A review of Prétend by Arielle Burgdorf

Reviewed by David Brizer

by Arielle Burgdorf
End of the Line Press
Jan 2024, 159 pp, ISBN: 9781738178414, Paperback

In Arielle Burgdorf’s supremely intelligent novel Prétend, there are multiple worlds in transition. And multiple lives in translation: Jean, your essentially innocent essentially hapless Québecois translator (of French, English, Russian), morphs into Jeanne once she leaves Paris, then London, for Montréal. In the process, she sheds multiple personas, identities and cultures, slipping from one to the next with frightening ease: Recently translation feels more like revealing the magic trick behind a precious word. She’s started writing footnotes paragraphs long, explaining the entire cultural context behind a phrase (p. 2.) Jean’s (Jeanne’s, then later John’s) adventures, narrated cannily, warily, always with pitch perfect archness in the voice, are really the heart of the matter. She/he/they have a wildly passionate fling with Konstantin, a self-styled Russian poet…and the fling turns into something else, it gels and hardens into marriage, into a yoke that brings Jean way too close to the mean and provincial reality that is now her husband, Konstantin. After they marry, she changes her name to John. (Don’t ask her why: she doesn’t know.)

Jean then flees to Canada; she has been offered a luscious gig, translating the practically apocryphal work of Montréal artist M…Mélusine…who turns out to be not just an erotic portrait photographer, a woman, but Jean/Jeanne/John’s next lover. And Mélusine has a huge secret as well!

These are the bare bones of a formidable, living breathing work of fiction. Readers will enjoy the Procrustean bed of narrative as locales, POVs, names and sensibilities collapse, coalesce, and merge.

For the reader, all this is sheer delight. Burgdorf is a specialist in atmosphere. The evocations of Paris — in the strains of a Serge Gainsbourg song, in Jean’s make-believe games (she is, for example, Georges Perec at St. Sulpice, writing up a storm) — are subtle, precious, deeply and lovingly informed. And where would young Paris be without the obligatory club scene: When they walk into a club the DJ is playing a song Jeanne recognizes, “Herpes Simplex” by Rosa Yemen, who is also Lizzy Mercier Descloux… (p 4.) At another point, she is reading Détruire, dit-elle, by Marguerite Duras, “…when the man who would later be her husband walked in.” (p 13.)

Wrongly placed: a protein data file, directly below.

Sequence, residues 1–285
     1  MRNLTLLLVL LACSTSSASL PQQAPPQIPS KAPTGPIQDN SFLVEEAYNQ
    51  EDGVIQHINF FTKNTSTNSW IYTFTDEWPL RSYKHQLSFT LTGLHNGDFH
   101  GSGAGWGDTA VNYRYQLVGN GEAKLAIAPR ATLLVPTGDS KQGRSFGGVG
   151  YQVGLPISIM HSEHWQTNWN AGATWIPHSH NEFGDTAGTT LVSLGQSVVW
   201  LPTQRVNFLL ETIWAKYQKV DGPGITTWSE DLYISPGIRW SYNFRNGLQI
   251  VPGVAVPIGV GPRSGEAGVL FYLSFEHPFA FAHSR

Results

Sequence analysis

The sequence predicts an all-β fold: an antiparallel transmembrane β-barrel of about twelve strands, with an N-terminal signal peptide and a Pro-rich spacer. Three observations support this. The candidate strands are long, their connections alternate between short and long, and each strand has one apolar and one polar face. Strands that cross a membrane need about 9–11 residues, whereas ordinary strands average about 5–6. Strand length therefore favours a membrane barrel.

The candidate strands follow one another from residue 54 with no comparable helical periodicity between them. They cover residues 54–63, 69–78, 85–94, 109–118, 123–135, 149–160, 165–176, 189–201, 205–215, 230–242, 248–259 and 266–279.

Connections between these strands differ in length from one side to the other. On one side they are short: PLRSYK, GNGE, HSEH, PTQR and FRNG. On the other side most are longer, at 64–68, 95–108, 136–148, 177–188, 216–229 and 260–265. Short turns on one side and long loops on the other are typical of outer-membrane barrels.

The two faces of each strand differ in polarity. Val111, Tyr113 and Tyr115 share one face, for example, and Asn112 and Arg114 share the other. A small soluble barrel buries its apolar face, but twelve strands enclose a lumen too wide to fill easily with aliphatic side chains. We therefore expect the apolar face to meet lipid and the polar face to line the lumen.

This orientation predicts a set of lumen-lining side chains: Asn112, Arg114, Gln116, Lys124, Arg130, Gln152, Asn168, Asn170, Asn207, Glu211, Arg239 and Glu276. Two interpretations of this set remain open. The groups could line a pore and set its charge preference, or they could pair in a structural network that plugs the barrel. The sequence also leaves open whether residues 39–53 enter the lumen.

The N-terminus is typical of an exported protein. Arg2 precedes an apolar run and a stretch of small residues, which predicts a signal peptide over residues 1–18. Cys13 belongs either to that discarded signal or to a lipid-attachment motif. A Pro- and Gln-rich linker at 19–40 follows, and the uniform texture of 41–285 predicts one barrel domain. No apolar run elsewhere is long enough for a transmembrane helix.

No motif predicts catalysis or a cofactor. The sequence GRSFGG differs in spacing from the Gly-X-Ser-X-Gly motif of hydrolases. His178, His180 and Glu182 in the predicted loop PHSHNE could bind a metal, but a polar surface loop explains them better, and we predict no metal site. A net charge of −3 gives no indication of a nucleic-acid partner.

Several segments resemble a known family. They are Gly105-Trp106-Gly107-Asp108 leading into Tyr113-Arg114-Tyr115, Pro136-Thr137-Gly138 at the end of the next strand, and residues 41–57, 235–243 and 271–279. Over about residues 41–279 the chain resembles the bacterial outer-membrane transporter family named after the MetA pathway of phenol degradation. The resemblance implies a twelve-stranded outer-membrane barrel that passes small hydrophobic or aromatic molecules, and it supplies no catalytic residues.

Jean and Konstantin arrive in Berlin, determined to have sex, drugs, and wild abandon (“…they found it. the dark streets lined with others seeking the same.”) But, “In Paris she felt like a fraud. Her whole life, she’d absorbed the impression the French-de-France were the real keepers of the language, while all other francophones were a poor imitation.” (p 27.) In Paris, Jean drowns in “…a sea of Audrey Tautou lookalikes who spoke Le Petit Robert French and rode bicycles with little baskets in the front.” (p 28) They visit the Museum of Broken Relationships in Zagreb.

Konstantin is an un-gift that keeps on giving. He takes her for granted, he’s a slob, he’s viciously critical of her translations. He doesn’t want her name as translator on their book. During sex he shouts out another woman’s name, in Russian. Enough is enough!

Jeanne finally reacts, taking up M.’s invite to Montréal. They drink absinthe. M. cooks crêpes with lemon and butter for Jeanne.

I love this book. It is located at the crossroads (if not terminus) of cultural appropriation, mistranslation, gender and identity fluidity. Carrère’s fake identity novel, the brilliantly glib aspersions of Nightwood — all this and more are revivified in Arielle Burgdorf’s masterful take on identity in an increasingly amorphous world.

About the reviewer: David Allen Brizer is a NYC-based author and book critic. His articles and reviews have appeared in The New York Times, The New England Journal of Medicine, The American Journal of Psychiatry, Rain Taxi, others. His short stories have been published in AGNI, Exquisite Corpse, Word Riot, among others. Brizer’s non-fiction books include Quitting Smoking for Dummies, and Addiction & Recovery for Beginners. His second novel, The Secret Doctrine of V.H. Rand, will be published by Fomite in January 2024, a follow-up to his Victor Rand (2014.) At present he is working on a collection of short stories and a metafiction about literary surrealists.